Thunder Bay National Marine Sanctuary could grow tenfold

May 25, 2012

F.T. Barney exploration, photo courtesy Thunder Bay National Marine Sanctuary

The Thunder Bay National Marine Sanctuary is the only federally protected national marine sanctuary in the Great Lakes. It encompasses 448 square miles of Lake Huron’s bottomlands off Alpena. It was established in 2000 to protect a nationally significant collection of nearly 200 shipwrecks, spanning over a century of Great Lakes shipping history. It draws over 70,000 visitors every year and is a haven for protection, education and research for shipwrecks and our maritime heritage.

Now Thunder Bay is poised to grow almost tenfold to over 4,000 square miles including waters off Alcona and Presque Isle counties. The Great Lakes Echo notes that today is the last day for public comment for or against the expansion. You can email your comments to jeff.gray@noaa.gov. Carolyn Sundquist of the Echo explains that vessels can pass through it without restriction and that:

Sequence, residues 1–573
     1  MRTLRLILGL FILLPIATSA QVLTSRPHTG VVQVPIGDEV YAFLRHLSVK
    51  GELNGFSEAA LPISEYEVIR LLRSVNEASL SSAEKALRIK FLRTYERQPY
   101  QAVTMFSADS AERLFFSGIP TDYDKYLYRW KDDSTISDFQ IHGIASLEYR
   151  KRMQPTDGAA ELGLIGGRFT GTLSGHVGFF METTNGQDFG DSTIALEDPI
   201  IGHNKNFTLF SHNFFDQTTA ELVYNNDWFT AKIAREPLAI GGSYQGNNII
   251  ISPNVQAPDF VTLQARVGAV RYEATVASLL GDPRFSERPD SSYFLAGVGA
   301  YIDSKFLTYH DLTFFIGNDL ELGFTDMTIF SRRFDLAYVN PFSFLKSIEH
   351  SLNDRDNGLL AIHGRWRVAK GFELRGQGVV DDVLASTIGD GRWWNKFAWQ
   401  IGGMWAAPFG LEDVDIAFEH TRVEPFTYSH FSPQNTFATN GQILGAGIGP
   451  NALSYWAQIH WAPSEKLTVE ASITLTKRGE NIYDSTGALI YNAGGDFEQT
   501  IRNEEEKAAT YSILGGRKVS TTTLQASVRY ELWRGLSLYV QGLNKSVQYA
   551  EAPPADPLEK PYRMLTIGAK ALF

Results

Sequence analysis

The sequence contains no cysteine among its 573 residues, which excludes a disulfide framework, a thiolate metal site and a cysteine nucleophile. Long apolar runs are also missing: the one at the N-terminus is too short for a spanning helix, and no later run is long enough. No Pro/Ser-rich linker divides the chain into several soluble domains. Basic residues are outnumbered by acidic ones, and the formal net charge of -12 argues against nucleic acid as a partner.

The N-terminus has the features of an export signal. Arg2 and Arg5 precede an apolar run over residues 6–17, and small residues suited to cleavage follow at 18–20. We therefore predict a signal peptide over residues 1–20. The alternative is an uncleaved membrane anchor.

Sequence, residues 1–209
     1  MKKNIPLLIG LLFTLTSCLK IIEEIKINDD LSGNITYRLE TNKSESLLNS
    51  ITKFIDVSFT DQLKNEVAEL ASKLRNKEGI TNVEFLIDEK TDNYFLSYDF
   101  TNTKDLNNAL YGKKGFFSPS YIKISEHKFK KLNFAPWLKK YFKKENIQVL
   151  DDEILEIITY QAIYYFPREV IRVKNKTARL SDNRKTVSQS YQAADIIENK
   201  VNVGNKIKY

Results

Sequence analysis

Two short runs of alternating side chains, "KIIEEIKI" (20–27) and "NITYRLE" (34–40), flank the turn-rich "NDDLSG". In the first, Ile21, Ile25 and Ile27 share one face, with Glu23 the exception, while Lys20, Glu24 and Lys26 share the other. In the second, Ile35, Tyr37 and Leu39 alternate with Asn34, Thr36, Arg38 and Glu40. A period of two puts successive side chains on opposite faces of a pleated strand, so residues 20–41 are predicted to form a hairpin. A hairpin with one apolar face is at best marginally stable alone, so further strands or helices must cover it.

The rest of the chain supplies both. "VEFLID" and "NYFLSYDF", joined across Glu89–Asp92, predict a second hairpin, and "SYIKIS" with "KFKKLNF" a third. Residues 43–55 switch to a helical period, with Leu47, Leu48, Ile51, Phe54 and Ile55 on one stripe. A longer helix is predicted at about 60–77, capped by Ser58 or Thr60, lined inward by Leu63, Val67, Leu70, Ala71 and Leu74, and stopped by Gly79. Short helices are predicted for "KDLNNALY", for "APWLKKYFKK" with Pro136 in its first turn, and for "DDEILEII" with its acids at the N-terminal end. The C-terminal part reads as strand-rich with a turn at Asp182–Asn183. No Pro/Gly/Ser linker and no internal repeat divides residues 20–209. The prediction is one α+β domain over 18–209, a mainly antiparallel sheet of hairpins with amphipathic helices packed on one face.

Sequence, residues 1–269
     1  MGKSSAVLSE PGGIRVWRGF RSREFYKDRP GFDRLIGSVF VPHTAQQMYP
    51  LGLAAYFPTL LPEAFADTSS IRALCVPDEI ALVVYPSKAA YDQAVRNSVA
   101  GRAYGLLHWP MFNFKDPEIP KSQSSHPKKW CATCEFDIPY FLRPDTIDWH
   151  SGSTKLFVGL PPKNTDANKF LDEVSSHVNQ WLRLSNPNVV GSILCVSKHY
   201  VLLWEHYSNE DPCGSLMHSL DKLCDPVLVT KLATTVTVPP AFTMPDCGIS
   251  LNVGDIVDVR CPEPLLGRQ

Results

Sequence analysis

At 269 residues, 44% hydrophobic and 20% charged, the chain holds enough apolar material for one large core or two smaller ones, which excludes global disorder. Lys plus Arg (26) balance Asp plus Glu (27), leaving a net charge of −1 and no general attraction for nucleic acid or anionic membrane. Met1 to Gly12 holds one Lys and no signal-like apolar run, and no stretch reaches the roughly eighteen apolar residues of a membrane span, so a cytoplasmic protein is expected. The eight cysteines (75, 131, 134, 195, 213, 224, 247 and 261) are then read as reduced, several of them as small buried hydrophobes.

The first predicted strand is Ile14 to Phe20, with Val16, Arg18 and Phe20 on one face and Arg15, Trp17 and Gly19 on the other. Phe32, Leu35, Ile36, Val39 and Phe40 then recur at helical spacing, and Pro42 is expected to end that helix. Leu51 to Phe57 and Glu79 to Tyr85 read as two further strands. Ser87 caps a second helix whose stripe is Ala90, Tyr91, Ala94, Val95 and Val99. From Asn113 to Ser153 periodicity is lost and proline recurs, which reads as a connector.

The proposed expansion includes an estimated 200 shipwrecks and would connect the underwater sanctuary from Michigan to the shores of Canada. No public funds are allotted as part of the approval.

“Very positive support has been received from the public comment sessions and many of the local governments have passed resolutions supporting the expansion,” said Jeff Gray, the sanctuary’s superintendent.

Michigan Gov. Rick Snyder, various state senators and officials of adjacent cities have written letters of support. So has the Alpena Area Chamber of Commerce.

The Sanctuary explains that the 126′ two masted schooner F.T. Barney was built in 1856 and wrecked on October 23, 1868 en route from Cleveland to Milwaukee. The F.T. Barney was run into by the schooner T.J. Bronson and sank in less than two minutes in very deep water with a cargo of coal. No lives were lost, and the wreck is one of the most complete of its kind with masts and deck equipment still in place.

See many more shots of divers and shipwrecks in their Fieldwork 2007 gallery - be sure to toggle the “View” link to slideshow in the top left for larger pics.

Many more Michigan shipwrecks on Michigan in Pictures!

One Response to “Thunder Bay National Marine Sanctuary could grow tenfold”

  1. gael tryles Says:

    I think it would be good to expand the shipwreck area. It would give more opportunities for exploration of historical shipwrecks.


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